ICVL may bid for Riversdale Mining
International Coal Ventures Ltd (ICVL), a company floated by five Indian public sector companies — SAIL, NMDC, NTPC, RINL and Coal India — may bid for Australia’s Riversdale Mining.
Rana Som, chairman-cum-managing director, NMDC, India’s largest iron ore miner, told Business Standard, “Bidding for Riversdale is beyond our personal capacity and authorised limits; hence, we have referred the proposition to ICVL. It is an independent company formed by the five PSUs and it will now examine the deal.”
SAIL chairman and head of ICVL, C S Verma, confirmed the proposal had been placed with ICVL. “It is a discussion between the board members, currently at an informal level. No formal proposal has been tabled as of now,” he said, refusing to give more detail.
Som had earlier indicated the company was interested in picking up a 10 per cent stake in Riversdale. However, he now said, “Riversdale’s African coal mine is a very futuristic deal and will involve a lot of investment to develop the infrastructure, which is beyond our limits. It is a good project with sizeable reserves, but has a few negatives like logistics cost, too.”
ICVL was formed on May 20, 2009, with an initial authorised capital of Rs 10,000 crore (over $2 billion). SAIL and CIL each hold 28 per cent share and RINL, NMDC and NTPC, 14 per cent each.
According to its website, ICVL has been empowered with the autonomy currently accorded to Navratna companies without formal Navratna status. The company was floated by the PSU majors to scout for coal mines overseas. The venture, headed by SAIL chairman, C S Verma has been actively looking for coal properties in Australia, Indonesia, Mozambique, etc, but with little success till now.
Apart from coking coal, the prime raw material used in making steel, Riversdale’s coal properties are expected to churn out thermal coal, too, a prime ingredient in power plants, that could be used by NTPC.
In Riversdale, Tata Steel is the second largest shareholder at 24.1 per cent stake, followed by investment firm Passport Capital with 13.3 per cent and Brazil’s CSN at 13.2 per cent. The three companies together hold more than 50 per cent stake.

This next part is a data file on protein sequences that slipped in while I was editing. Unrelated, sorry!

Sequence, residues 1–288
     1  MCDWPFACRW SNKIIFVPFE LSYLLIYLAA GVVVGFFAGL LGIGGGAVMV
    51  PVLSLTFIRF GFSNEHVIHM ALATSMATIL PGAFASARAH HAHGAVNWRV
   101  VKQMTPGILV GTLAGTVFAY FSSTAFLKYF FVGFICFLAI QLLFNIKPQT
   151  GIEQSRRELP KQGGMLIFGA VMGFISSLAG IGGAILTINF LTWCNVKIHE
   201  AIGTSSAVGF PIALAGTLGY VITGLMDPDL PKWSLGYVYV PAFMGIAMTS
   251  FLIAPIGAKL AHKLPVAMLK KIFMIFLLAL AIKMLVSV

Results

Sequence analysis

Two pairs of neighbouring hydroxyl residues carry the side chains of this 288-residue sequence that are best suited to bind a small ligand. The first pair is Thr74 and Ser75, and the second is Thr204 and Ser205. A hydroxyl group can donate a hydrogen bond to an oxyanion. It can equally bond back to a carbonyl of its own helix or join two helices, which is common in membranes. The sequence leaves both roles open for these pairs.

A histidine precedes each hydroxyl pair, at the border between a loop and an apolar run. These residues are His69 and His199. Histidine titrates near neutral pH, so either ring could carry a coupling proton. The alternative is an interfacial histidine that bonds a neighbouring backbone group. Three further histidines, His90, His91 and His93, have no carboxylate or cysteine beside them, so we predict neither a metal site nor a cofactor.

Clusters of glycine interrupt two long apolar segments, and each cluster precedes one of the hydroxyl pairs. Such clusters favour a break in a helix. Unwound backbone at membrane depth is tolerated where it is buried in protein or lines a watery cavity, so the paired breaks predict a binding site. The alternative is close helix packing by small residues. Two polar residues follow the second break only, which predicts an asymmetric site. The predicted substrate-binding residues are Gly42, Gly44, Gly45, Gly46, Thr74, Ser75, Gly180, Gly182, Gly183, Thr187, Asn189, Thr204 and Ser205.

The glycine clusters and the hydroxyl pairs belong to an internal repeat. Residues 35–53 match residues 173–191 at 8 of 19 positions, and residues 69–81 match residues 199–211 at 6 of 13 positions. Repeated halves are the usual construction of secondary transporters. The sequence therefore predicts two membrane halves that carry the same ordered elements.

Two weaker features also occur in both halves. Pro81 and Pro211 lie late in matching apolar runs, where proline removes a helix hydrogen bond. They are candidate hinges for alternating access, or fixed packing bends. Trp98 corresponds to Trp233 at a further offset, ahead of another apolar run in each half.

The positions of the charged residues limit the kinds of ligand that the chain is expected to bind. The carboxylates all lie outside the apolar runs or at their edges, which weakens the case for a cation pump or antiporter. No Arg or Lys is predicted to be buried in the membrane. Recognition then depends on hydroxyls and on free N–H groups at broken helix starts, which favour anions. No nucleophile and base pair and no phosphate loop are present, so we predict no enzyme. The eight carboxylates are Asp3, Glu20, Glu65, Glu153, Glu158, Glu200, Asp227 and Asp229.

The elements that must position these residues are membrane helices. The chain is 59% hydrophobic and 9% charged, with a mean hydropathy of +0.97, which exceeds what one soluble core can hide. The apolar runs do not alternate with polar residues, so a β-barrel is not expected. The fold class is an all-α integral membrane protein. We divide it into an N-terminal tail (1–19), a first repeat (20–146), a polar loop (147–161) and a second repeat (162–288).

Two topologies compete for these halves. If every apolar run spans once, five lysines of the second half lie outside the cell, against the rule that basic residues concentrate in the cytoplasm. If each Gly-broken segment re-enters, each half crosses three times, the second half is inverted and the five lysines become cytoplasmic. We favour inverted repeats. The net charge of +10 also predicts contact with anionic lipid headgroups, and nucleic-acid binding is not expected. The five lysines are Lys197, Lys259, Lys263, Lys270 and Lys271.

In early December, Riversdale admitted the company was approached by Rio Tinto for a $3.5-billion takeover for the remaining stake. However, Riversdale had said a formal bid by Rio Tinto hadn’t been mad yet. Therefore, if ICVL had to bid for the remaining stake in Riversdale, it would have to bid for more than $3.5 billion.
At this stage, it is unclear if ICVL would like to bid for the remaining share of Riversdale or will initiate talks for a minority stake. The Australian company, on its website states, “Riversdale will actively seek partnerships and consider minority shareholdings on an incorporated JV basis for outstanding investment opportunities.”
Tata Steel, with its 24.1 per cent stake in Riversdale Mining, has a 35 per cent in Riversdale’s Benga Coal project in Mozambique with a 40 per cent offtake agreement. This means, of the total coal produced at Riversdale’s Benga project, Tata Steel will have right over 40 per cent of it. Benga project has 4 billion tonnes of coal.
Riversdale has another coal property in the neighbourhood of Benga, the Zambeze project, which holds 9 billion tonnes of coal and is touted to be one of the largest undeveloped coking coal resources in the world.
Tata Steel continues to maintain that Riversdale is a strategic investment for the company. In a recent interview to Business Standard, Koushik Chatterjee, group CFO, Tata Steel, had said, “We are looking for a 25 per cent raw material integration for Tata Steel Europe.”
He had said, “Tata Steel Europe’s coal consumption is 12.5 million tonnes. So in Riversdale, at 25 per cent it is 3 million tonnes. Once Riversdale’s stage two is done, we will get 3 million tonnes of coal.”
Source – Business Standard